What’s been happening?

Pound Sterling – UK Markets 

The British pound weakened to its lowest level in ten days against the dollar but was able to take advantage of the broad euro weakness. In the absence of significant macroeconomic data releases from the UK, investors stayed focused on the developments surrounding Brexit talks and the European Central Bank meeting.

Citing a British government source, Reuters on Thursday reported that there was no reason to expect any changes in Brexit talks with the EU in the next 48 hours. Moreover, addressing the media in a joint press conference with Attorney General Cox following their meeting with the EU’s Barnier, British Foreign Secretary Jeremy Hunt said that he was hoping for a breakthrough this weekend in time for next week’s parliamentary vote. “We are discussing detailed, coherent, careful proposals and text with the EU on the backstop. We remain committed to getting what parliament says it needs for the backstop in Brexit talks,” Cox explained.

In the meantime, commenting on the policy outlook, Bank of England (BOE) MPC member Silvana Tenreyro said that a disorderly Brexit would require loosening of the monetary policy rather than tightening. “Sterling would likely appreciate after a smooth Brexit, which would limit inflation pressure,” Tenreyro added.

US Dollar – US Markets

The US Dollar Index, which tracks the greenback against a basket of six major currencies, rallied to its highest level since June 2017 as the divergence of monetary policies between the Fed and other major central banks became apparent with both the Bank of Canada and the European Central Bank acknowledging the economic slowdown and taking a step back to reassess the situation.

Thursday’s data from the United States showed that the unit labour costs in the fourth quarter increased by 2% following the third quarter’s 0.9% reading and surpassed the market expectation of 1.6%. Moreover, nonfarm productivity in the same period rose by 1.9%. Finally, the Bureau of Labor Statistics reported that initial jobless claims decreased by 3,000 to 223,000 in the week ending February 25.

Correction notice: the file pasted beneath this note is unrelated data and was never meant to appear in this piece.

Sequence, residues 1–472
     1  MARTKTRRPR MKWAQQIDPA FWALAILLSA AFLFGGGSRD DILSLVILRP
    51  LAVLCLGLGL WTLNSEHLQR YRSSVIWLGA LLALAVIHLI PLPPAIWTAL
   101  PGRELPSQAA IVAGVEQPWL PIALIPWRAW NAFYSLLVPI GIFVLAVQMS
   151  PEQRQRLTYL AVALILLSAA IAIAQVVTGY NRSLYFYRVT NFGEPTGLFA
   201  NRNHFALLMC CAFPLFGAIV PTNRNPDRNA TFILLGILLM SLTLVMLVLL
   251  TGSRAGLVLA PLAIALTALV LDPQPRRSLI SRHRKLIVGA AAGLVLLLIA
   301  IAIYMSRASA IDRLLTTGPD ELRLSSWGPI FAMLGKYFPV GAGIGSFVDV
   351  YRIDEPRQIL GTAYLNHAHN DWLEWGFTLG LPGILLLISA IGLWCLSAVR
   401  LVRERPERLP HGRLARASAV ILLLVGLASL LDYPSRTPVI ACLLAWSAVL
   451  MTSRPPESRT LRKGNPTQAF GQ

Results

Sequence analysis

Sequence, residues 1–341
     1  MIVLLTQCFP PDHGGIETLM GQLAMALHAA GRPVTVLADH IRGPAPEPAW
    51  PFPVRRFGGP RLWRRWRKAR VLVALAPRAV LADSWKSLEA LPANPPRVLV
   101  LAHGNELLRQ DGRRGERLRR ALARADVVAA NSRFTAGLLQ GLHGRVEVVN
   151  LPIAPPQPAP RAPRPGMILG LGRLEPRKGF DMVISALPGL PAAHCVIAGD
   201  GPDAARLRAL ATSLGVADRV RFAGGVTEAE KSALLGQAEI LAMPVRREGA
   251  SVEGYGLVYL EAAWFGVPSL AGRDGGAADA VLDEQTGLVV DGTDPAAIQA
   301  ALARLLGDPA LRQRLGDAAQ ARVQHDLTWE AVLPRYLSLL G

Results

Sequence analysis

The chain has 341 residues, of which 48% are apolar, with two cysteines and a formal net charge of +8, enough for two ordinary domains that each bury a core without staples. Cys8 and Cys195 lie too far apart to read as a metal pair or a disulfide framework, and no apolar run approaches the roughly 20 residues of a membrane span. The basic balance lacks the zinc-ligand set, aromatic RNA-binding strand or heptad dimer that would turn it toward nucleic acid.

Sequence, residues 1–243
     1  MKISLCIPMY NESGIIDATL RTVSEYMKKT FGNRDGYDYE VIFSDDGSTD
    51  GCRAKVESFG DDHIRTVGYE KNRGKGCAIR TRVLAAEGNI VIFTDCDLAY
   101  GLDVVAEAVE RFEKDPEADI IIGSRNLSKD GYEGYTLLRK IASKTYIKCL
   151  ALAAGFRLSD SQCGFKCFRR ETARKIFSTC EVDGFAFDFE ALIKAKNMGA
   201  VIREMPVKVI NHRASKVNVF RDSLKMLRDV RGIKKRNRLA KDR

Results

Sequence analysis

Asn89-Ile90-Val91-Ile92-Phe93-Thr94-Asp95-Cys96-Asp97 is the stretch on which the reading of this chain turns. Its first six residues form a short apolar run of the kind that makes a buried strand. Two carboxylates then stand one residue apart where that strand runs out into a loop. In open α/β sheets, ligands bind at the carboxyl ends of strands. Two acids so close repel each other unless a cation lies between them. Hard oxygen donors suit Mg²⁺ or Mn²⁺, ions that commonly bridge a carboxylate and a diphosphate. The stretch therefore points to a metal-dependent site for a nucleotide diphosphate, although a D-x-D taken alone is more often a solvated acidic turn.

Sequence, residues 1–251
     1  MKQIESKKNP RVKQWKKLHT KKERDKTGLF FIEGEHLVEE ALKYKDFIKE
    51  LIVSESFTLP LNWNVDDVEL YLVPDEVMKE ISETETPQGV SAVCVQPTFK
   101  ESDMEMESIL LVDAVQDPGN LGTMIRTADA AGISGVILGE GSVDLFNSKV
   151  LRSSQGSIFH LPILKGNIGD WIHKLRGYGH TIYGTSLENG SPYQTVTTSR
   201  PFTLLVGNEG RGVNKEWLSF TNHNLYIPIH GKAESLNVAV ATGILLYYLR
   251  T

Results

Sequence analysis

Euro – European Markets

The shared currency came under heavy selling pressure on Thursday and fell to its weakest level against the dollar in more than 20 months and recorded losses vs the pound sterling for the third straight day.

As expected, the Governing Council of the European Central Bank (ECB) decided to leave the interest rates on the main refinancing operations and the interest rates on the marginal lending facility and the deposit facility unchanged at 0.00%, 0.25% and -0.40%, respectively. In the policy statement, however, the bank changed its forward guidance on the timing of the next rate hike and said that the Governing Council expected rates to remain at their present levels at least through the end of 2019 rather than the end of summer. Additionally, the ECB announced that it will be offering fresh stimulus to banks amid rising concerns over the economic slowdown in the euro area. ”A new series of quarterly targeted longer-term refinancing operations (TLTRO-III) will be launched, starting in September 2019 and ending in March 2021,” the bank unveiled. 

Speaking at the press conference, President Mario Draghi said that the Governing Council was now expecting the economy to expand by 1.1% in 2019 compared to 1.7% seen in December. Draghi further acknowledged that the near-term growth outlook was weaker than anticipated. “Weakening in the economic data points to sizeable moderation of the pace of expansion,” Draghi added.    

What’s coming up? 

UK: The Bank of England will release the Consumer Inflation Expectations on Friday.

US: The nonfarm payrolls report, which includes unemployment rate, average hourly earnings, and labour force participation figures, will highlight the economic calendar. Housing starts and building permits will be published as well. 

EU: Factory orders from Germany will be featured in the European economic docket.